VALPARAISO | The departure of Porter hospital from Valparaiso has created a different kind of parking problem. Not for cars, but for emergency medical helicopters.
The helicopters used to land on the hospital roof to transport patients to other locations. It was centrally located from just about any location in the city. With the hospital's move and the demolition of the old building, now underway, the city's Fire Department needed another helicopter landing site.
Assistant Fire Chief Dan Lamb has been working to line up several sites around the city to be used for emergencies. Three of those sites are city parks, which the city's Park Board approved in April. The parks are West Side, Glen Rose North (next to ValPlayso) and Foundation Meadows.
Park Board members were concerned about the liability if people are using the parks, but the Fire Department said the helicopter would only land if there were no activity in the area.
"It's a project that is countywide," Lamb said. "We tried to do it throughout the city. If we are close to the airport, we will go there, but, if we are north or west of the city, the run would be too long. So, we wanted to find other areas for patient pickups."
He said the parks are open and recognizable for the pilots to find and land. Lamb said he also got approval to use an open field on Washington Street across from Green's Towing, and he plans to ask the Porter County commissioners for approval to use the open area in front of the former county home on Ind. 2.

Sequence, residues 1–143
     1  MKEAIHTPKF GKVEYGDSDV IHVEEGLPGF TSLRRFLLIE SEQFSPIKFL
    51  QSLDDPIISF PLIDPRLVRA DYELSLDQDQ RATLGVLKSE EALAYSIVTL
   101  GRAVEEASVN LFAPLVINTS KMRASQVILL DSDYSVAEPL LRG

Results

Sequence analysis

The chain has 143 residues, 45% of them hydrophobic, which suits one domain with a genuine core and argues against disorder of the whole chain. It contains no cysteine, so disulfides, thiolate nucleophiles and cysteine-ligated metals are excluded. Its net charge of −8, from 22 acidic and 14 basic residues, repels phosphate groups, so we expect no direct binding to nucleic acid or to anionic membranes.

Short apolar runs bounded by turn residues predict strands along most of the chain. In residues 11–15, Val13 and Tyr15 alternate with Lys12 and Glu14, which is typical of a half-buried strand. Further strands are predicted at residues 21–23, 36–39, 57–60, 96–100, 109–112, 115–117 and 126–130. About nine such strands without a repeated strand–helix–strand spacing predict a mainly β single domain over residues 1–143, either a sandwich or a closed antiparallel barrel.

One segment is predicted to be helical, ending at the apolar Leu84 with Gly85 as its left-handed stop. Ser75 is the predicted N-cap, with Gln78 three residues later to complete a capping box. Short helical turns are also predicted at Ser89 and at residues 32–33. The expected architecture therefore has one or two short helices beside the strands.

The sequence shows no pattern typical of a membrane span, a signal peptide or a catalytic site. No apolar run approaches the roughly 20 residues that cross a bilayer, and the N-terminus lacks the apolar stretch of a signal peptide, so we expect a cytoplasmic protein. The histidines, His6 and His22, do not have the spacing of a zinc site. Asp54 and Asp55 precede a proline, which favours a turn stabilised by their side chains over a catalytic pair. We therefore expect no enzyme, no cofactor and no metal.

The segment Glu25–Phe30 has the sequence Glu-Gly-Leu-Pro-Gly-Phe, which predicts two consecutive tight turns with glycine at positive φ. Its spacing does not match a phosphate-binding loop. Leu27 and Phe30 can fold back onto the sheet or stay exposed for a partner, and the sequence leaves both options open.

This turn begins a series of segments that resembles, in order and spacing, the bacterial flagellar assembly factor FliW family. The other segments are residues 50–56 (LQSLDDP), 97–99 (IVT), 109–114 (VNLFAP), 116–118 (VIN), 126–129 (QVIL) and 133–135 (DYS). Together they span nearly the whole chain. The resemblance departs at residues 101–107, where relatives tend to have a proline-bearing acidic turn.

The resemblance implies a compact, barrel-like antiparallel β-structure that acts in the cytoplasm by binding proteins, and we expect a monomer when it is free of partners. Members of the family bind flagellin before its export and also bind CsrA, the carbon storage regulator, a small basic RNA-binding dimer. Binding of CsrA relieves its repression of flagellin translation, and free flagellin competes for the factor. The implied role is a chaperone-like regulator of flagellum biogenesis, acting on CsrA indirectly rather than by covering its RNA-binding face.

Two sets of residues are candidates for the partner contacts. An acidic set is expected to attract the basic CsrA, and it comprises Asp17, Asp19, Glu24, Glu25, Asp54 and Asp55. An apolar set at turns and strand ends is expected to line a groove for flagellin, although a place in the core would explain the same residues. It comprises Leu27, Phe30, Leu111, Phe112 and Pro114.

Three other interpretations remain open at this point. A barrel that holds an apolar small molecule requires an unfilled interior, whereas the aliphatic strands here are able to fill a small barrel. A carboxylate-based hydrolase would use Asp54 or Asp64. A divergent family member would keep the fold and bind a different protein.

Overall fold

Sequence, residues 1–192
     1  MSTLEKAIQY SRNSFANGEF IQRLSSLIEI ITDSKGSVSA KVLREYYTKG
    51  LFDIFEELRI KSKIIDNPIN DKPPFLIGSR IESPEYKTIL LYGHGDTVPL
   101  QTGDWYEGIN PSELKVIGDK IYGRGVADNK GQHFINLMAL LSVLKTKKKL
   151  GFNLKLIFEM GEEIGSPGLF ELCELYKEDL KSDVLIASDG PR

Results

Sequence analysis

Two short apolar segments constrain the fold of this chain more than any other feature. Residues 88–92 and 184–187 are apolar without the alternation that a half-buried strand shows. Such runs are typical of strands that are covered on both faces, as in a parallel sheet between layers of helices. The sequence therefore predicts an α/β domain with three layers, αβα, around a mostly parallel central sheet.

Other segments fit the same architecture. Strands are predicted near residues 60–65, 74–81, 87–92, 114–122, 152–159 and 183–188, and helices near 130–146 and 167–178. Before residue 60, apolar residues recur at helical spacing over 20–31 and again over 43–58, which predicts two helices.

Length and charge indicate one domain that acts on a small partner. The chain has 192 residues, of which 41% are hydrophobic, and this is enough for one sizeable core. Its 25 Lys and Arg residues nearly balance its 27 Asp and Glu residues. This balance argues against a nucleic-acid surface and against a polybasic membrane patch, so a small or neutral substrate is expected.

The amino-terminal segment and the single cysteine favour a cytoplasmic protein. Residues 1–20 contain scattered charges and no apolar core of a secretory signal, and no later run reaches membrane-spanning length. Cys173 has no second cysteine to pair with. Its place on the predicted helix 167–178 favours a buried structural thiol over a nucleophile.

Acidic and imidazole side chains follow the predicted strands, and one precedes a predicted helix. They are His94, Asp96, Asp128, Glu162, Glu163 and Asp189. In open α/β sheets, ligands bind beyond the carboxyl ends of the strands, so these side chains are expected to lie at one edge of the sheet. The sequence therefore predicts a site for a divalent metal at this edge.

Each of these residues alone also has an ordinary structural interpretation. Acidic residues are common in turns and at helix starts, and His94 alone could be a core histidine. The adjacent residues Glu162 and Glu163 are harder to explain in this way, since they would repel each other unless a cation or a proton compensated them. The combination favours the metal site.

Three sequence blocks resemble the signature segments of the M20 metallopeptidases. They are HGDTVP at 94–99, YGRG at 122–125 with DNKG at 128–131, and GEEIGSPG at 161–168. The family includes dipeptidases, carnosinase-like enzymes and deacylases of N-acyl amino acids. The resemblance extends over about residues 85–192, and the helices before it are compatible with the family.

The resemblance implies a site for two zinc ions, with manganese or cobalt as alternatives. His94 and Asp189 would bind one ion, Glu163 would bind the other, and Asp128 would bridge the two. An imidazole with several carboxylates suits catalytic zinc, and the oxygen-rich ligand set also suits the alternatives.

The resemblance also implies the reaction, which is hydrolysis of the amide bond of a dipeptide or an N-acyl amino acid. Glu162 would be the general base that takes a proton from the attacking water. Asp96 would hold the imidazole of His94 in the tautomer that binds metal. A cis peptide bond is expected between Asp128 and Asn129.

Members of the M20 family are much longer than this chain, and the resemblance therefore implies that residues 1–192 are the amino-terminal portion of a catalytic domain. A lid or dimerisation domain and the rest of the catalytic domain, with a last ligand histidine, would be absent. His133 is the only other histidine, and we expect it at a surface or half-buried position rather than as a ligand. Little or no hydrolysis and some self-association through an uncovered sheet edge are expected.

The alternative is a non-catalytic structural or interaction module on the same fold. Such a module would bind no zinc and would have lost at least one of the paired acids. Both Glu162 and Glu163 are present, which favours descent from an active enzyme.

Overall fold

"There are times when we have patients that we classify as trauma alert," Lamb said in his request to the Park Board. "These types of patients must be delivered to the nearest level one trauma center within one hour of an incident.
"At this time there is no such trauma center within one hour driving time, so we would have the patient flown out. All landings are monitored by Fire Department personnel that have training in setting up a landing zone. Fortunately, these types of calls are few and far between, so this will not occur very often."
He said the time needed to land, load the patient and take off is only about 10 to 15 minutes.